The success of the athletics department is bringing national recognition to TCU, Dean of Admissions Raymond Brown said.

This is the fourth year in a row that more than half of the first-year class is from out of state. The first-year class has 2,072 students, and 959, or about 45.9 percent, are from Texas.

texan vs nontexans

The only reason Texas is still the majority state represented in the overall student body is fifth-year seniors and transfer students, 75 percent of whom are from Texas, said Cathan Coghlan, director of the TCU Office of Institutional Research.

Brown said the university has increased in popularity across the country.

“It’s largely because the rest of the country has discovered us,” Brown said.

California and Illinois are the top two states represented other than Texas.

However, TCU has students from all over world.

There are 25 students from Vietnam in the first-year class and 90 in the overall undergraduate population, according to the Office of Institutional Research.

piechart countries

Brown said the growing success of the football team has led to a lot of exposure.

“We were one of those best kept secrets for years and years and years, and then in 2011, we won the Rose Bowl,” Brown said. “That sort of opened the floodgates for a lot of the rest of the country to take a look at us.”

Two recent events had a major effect on the university’s appeal, said Clarence Scharbauer, chairman of the Board of Trustees.

“The day they called us and asked us to join the Big 12 gave us another platform of incredible,” Scharbauer said. “And the other day we announced we are joining with North Texas for a medical school.”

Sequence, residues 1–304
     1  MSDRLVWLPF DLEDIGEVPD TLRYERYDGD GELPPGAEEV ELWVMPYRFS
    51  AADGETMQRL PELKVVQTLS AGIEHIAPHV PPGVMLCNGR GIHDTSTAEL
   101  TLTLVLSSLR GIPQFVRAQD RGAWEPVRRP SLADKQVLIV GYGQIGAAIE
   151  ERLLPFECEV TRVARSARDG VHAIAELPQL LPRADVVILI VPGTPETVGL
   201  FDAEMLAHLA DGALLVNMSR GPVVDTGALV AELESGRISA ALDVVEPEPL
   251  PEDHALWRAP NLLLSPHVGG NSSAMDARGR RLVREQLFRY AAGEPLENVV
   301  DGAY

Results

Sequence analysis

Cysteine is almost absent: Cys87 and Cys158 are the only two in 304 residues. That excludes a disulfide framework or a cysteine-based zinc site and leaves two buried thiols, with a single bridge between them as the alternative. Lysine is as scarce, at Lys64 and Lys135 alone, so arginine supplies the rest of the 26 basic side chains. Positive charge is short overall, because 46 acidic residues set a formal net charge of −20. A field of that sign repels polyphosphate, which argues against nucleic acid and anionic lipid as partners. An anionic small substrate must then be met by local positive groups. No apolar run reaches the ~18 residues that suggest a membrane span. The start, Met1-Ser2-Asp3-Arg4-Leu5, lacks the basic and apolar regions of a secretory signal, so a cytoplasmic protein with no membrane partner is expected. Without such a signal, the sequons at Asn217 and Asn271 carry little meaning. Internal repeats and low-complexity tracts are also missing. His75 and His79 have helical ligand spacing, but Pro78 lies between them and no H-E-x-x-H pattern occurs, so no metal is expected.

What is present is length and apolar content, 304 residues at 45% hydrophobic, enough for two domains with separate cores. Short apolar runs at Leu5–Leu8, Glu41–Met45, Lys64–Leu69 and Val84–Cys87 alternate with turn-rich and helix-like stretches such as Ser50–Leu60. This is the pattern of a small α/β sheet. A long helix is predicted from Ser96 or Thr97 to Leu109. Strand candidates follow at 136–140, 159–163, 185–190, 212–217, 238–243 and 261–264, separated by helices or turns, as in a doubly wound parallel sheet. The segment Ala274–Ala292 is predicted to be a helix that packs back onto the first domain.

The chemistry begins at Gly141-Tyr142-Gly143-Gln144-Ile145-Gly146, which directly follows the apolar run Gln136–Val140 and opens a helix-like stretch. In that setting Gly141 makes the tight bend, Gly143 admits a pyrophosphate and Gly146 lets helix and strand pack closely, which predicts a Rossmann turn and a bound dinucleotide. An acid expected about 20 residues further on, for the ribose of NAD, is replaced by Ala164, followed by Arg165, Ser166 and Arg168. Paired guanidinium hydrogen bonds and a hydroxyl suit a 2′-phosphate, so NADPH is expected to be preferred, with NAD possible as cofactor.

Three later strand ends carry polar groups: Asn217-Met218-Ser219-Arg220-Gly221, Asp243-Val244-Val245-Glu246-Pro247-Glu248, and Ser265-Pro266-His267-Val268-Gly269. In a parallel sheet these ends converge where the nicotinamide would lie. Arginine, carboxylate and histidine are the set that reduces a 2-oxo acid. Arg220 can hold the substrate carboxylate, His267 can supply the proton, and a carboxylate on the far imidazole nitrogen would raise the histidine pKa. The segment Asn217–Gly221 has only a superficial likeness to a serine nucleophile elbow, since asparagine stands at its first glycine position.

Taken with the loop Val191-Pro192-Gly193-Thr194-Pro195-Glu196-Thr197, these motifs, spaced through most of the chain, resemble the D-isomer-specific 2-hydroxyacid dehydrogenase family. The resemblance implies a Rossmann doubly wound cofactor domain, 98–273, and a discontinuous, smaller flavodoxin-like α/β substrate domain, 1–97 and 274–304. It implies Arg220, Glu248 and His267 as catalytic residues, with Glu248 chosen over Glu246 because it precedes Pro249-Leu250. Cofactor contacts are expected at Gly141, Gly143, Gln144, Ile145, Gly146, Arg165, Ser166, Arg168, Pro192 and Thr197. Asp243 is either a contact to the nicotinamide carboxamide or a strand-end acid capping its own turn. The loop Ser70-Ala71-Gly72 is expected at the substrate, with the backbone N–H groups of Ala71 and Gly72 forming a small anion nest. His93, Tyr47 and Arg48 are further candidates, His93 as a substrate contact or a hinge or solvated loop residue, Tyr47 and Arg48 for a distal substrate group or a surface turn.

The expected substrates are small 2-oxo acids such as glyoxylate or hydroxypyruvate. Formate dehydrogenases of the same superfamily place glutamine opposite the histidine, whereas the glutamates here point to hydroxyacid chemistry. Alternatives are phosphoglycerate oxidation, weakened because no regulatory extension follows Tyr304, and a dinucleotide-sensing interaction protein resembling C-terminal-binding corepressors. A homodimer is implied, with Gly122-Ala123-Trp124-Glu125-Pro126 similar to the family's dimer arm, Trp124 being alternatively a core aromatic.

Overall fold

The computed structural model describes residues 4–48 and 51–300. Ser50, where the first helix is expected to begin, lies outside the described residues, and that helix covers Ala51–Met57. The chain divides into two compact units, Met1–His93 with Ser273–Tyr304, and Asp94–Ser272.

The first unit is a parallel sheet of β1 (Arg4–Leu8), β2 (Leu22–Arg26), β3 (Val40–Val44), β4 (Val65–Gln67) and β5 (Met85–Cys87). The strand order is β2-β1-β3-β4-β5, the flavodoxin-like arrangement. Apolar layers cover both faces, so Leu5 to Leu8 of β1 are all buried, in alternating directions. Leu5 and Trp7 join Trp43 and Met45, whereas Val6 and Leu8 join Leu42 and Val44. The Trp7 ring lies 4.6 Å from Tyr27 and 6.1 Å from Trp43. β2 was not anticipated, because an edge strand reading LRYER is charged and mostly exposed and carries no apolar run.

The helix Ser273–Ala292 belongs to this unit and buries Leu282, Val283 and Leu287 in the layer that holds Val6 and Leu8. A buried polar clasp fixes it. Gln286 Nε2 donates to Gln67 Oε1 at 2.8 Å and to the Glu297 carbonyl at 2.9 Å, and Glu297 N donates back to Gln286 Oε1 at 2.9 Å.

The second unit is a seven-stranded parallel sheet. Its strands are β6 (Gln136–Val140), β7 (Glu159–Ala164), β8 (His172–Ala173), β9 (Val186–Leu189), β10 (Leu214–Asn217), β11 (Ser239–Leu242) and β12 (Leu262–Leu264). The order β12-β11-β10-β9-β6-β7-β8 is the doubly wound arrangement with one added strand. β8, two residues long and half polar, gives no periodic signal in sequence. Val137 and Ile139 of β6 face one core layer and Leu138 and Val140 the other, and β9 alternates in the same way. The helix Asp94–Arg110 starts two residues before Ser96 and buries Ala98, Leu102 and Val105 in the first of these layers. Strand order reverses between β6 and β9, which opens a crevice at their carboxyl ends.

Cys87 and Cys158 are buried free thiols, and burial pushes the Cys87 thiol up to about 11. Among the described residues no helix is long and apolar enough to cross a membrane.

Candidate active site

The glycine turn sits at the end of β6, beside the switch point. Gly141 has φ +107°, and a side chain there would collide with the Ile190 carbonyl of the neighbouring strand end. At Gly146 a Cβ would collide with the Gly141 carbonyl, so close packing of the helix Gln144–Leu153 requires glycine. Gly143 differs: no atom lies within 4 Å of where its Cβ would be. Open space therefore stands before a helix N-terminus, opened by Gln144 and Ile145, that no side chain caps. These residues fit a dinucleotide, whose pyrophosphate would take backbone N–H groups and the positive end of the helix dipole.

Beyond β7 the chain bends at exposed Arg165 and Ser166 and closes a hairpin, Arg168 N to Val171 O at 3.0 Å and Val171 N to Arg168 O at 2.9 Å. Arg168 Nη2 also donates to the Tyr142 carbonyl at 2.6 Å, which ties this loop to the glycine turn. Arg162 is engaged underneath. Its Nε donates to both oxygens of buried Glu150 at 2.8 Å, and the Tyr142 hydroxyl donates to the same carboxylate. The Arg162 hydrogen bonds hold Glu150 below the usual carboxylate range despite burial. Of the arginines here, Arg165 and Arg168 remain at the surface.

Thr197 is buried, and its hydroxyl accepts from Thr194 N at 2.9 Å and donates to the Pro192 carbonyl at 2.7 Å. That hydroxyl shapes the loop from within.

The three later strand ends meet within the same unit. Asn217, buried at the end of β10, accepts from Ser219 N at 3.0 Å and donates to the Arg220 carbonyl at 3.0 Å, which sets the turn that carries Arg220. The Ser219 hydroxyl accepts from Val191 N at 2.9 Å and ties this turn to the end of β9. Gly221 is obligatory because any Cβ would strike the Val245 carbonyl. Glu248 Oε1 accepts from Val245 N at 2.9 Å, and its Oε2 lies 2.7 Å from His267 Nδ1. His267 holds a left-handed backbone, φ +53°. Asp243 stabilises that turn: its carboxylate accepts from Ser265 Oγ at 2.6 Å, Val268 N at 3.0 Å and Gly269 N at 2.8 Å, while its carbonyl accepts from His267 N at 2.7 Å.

The recent success of the athletics program is gaining attention from the nation and attracting prospective students from across the globe.

“We were on the national stage [in 2011],” Brown said. “The announcers for the game were talking about, ‘Hey, if you haven’t seen this little college in Texas, you need to,’ and the popularity just boomed.”

After the Frogs won the Rose Bowl, yield within admission increased.

Yield is the ratio of the number of students who accept the offer of admission based on the number of admission letters offered.

“The fall of 2011 after the Rose Bowl was the highest increase in yield we had in 30-something years and this year, it’s almost tripled,” Brown said. “We issued 350 fewer offers of admission this year.”

Scharbauer said 10 years ago, TCU was a small liberal arts school without a law school or a medical school, and now national recognition has increased dramatically.

“All of a sudden, we start going out to California and playing football, our baseball team was in the College World Series three out of the last five years, and all of a sudden, it’s our front door,” Scharbauer said. “I’m not putting this all on athletics, but I’m just telling you it’s our front door.”

Brown said that while football brings attention to TCU, the university offers much more to the students.

“Gary Patterson is very fond of saying that the football program and athletics generally are merely the front porch of the university,” Brown said. “And he’s right. It’s really nothing more than that.”

Brown said sports may bring students to tour the campus, but it’s not what makes them commit.

“If [prospective students] didn’t like the experience here, and they hadn’t applied, they’re not going to,” Brown said.

Scharbauer said the TCU study abroad program is also attracting students from across the country.

“We are seeing a more diverse group of students,” Scharbauer said. “People are hearing about us, and we are getting a little more active out there with all the TCU abroad that we are doing. Kids are going to Scotland or Spain or Italy, and they’re coming home, and they’re talking about it.”

Scharbauer said the Board of Trustees is observing the growing geographic diversity of the student population.

“Now all of a sudden as a board, we are looking at the national exposure we are getting, we’re looking at our students, and now we are appealing to a lot more people,” Scharbauer said.

Scharbauer said the board is excited about the diversity and is ready to react to it.

“Now our board is starting to go, ‘Whoa, wait a minute, we like this diversity. Let’s see what we got out there, let’s see who might be interested,’” Scharbauer said.

Brown said students decide to attend TCU for a variety of reasons.

“You’ve got arguably the most beautiful school in the country populated by some of the most amazing people on this planet, in the form of our students,” Brown said.

+ posts

Caroline Klapp is a junior journalism major from Argyle, Texas. She currently serves as the academics editor.